Revised 2011 bird total:
437 species

Saturday, April 28, 2012

Life bird

Although as a general rule I am not keeping this blog up to date (my current blog is I figured that a life bird also deserved a mention on this blog.

I added my 468th life bird this past February in Delaware, a Razorbill.  I had heard rumors that Blue-winged Warblers breed in Loudoun County Virginia, something that caught my interest since I needed a Blue-winged Warbler as a life bird.  But I didn't fully believe the rumor until I heard it from a Loudoun County bird expert himself.  Then I knew that this summer I had to make the 3 hour one-way drive to tick a life Blue-wing.  But today I was on a bird walk, only an hour from my house that saved me a trip to Loudoun County.  I heard the "BZZZ_zitt" of a BLUE-WINGED WARBLER on that bird walk, several times.  Once at the beginning of the bird walk to put it down as a possible sighting and again after the bird walk to confirm it.  Thanks to other birders for also confirming the identity of this 469th LIFE BIRD of mine!

Stay tuned to to see what other birds I am seeing this spring.

Happy birding,


Monday, April 16, 2012

The wonders of spring migration and some reflections

It's mid April.. spring migration time.  Exactly one year ago I was sitting at 253 bird species for my Junior Big Year, gearing up for spring migration, one of the few 'make or brake' parts of any Big Year attempt.  Last year, spring migration treated me well, I went from 250 bird species at the beginning of spring migration on ahead to around 310 once it was all said and done.  While this year, 2012 is not another Junior Big Year attempt by any means it's still an exciting time.  Warblers, thrushes, buntings, and tanagers, our colorful, tiny feathered friends are returning from their wintering grounds in the Southern US, Mexico, and South America.  And they make a wonderful addition to any year list, a Junior Big Year one or not.  I was out birding with a good friend and excellent birder Vic Laubach this past weekend and with my mom today and had 9 warbler species in the 3 days, including 6 FOY.  My 2012 year total now sits at a comfortable 156 species.  This is 97 (call it 100) species behind what I had at this date in 2011.  The gap will continue to grow.  In January the number was only about 30 apart.  Now it's 100 apart.  I expect that I'll end 2012 with approximately 300 species, which would put me 137 behind last year.  That may not sound huge, but it is.  The 300 birds I will see this year will all be mostly expected eastern birds along with maybe 40 rocky mountain species (I am going to Glacier NP in Montana this summer)   Compare that to the 437 species, which included some Alaskan, Arizonian, Californian, Texan, and Floridian species as well as east coast species.  While it may be only 137 behind last year, the "quality" of the birds is far different.  Last year the "best" sighting could be considered either Gyrfalcon, Brown Shrike, or one of the other "super" birds from 2011.  So far the "best" bird in 2012 is probably the White-winged Dove.  That's a nice bird, especially for Virginia, where I found my 2012 individual.  But it doesn't compare with my "best" bird as of April 16 2011, Brown Shrike or Black-veneted Oriole.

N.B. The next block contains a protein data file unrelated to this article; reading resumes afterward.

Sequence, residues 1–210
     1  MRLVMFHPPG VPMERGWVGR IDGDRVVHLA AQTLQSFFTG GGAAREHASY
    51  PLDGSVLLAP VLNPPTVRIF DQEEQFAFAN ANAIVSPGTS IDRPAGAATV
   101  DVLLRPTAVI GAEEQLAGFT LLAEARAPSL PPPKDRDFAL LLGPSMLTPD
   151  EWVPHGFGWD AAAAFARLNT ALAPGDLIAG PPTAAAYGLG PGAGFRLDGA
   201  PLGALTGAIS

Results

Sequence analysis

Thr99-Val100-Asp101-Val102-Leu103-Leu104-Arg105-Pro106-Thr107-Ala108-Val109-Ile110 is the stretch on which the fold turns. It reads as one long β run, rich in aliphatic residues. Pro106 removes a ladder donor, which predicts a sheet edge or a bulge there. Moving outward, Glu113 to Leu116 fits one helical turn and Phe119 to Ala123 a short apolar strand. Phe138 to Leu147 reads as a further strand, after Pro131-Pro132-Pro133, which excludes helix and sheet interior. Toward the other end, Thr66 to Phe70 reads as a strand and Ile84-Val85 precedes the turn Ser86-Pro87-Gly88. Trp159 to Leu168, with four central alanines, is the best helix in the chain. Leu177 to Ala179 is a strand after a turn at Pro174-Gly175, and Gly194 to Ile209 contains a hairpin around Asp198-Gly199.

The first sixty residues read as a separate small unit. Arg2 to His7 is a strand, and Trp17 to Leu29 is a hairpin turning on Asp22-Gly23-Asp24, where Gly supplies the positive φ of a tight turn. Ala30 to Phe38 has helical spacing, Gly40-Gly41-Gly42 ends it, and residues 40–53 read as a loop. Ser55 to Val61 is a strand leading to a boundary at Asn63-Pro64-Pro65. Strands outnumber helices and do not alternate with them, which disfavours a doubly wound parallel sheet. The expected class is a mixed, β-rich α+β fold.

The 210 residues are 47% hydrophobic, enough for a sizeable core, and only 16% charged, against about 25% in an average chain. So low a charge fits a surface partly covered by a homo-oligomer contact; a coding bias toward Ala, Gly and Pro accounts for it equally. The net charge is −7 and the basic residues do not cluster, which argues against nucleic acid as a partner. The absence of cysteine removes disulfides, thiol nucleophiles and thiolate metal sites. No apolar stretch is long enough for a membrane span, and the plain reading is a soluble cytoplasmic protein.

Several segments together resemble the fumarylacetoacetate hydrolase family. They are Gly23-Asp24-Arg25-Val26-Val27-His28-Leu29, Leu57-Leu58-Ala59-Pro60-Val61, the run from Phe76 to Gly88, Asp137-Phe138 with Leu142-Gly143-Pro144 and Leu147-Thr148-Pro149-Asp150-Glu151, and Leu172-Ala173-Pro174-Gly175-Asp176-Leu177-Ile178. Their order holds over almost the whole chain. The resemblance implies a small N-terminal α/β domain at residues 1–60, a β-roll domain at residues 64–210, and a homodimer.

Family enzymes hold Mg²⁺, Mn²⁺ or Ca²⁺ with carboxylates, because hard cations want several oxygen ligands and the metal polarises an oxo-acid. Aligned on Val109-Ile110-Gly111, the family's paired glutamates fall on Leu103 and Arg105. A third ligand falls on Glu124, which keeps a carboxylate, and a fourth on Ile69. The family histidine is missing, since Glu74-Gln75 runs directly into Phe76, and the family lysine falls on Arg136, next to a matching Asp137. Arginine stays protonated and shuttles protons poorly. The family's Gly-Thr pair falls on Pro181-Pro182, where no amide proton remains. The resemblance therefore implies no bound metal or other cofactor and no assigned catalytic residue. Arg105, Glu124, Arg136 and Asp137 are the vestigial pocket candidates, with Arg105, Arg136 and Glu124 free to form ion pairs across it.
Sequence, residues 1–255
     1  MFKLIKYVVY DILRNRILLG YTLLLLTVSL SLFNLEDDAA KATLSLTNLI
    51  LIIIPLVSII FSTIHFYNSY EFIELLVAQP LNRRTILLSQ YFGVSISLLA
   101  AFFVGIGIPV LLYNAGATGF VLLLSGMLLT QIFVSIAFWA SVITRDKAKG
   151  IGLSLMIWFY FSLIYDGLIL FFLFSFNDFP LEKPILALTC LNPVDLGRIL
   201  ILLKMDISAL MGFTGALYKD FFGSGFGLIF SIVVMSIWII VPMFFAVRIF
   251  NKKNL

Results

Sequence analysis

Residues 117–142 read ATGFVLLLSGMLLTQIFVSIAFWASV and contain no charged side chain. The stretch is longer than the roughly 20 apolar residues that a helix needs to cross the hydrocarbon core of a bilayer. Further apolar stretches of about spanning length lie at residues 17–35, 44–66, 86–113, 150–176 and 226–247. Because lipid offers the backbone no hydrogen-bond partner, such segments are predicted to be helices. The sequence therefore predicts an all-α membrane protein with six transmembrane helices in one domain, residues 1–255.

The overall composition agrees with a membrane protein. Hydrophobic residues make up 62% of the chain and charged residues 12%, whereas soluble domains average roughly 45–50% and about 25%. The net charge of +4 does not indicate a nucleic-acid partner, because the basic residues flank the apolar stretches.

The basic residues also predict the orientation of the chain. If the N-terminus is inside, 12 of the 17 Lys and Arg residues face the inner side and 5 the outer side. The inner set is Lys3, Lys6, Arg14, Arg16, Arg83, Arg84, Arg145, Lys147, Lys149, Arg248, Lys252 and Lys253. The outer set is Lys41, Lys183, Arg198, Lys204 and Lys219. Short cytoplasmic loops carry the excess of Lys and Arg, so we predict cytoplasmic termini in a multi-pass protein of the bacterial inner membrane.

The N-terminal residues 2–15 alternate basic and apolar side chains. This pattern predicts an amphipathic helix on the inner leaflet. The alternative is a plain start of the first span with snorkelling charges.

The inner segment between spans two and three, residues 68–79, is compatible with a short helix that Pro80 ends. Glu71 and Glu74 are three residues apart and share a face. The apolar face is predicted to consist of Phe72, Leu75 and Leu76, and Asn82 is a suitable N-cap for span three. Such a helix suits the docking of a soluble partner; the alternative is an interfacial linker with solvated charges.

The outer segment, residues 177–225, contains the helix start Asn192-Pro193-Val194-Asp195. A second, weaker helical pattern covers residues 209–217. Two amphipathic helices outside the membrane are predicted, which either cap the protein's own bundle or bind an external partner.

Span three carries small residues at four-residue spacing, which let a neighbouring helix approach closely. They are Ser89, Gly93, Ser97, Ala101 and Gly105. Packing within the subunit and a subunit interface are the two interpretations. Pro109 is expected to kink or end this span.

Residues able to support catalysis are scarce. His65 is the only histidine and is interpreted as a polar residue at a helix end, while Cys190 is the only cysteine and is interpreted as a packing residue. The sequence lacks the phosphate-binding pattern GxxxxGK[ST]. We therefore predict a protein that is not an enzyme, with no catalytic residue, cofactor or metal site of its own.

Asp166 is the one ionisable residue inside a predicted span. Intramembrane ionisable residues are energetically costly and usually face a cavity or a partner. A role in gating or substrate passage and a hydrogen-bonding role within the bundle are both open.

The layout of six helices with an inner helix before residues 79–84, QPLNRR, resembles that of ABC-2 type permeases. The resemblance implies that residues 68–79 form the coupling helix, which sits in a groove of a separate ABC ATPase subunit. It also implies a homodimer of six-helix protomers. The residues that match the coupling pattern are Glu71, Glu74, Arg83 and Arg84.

These are just a few reflections on how amazing 2011 really was.  I look forward to adding more spring arrives to my 2012 year list and the question that's in my mind now is once again "when can I go birding?"

Happy migration,


Monday, April 9, 2012

One down, three to go!

Tonight I presented "My 2011 Junior Big Year!" presentation to the Augusta Bird Club, one of my three local birding clubs.  It was well received and I had so much fun giving it.  Next month I'll be presenting at the Rockingham Bird Club in Harrisonburg and in October I'll be at the Monticello Bird Club in Charlottesville.  I've been invited to the Blacksburg Bird Club but don't yet have a date.

Very exciting!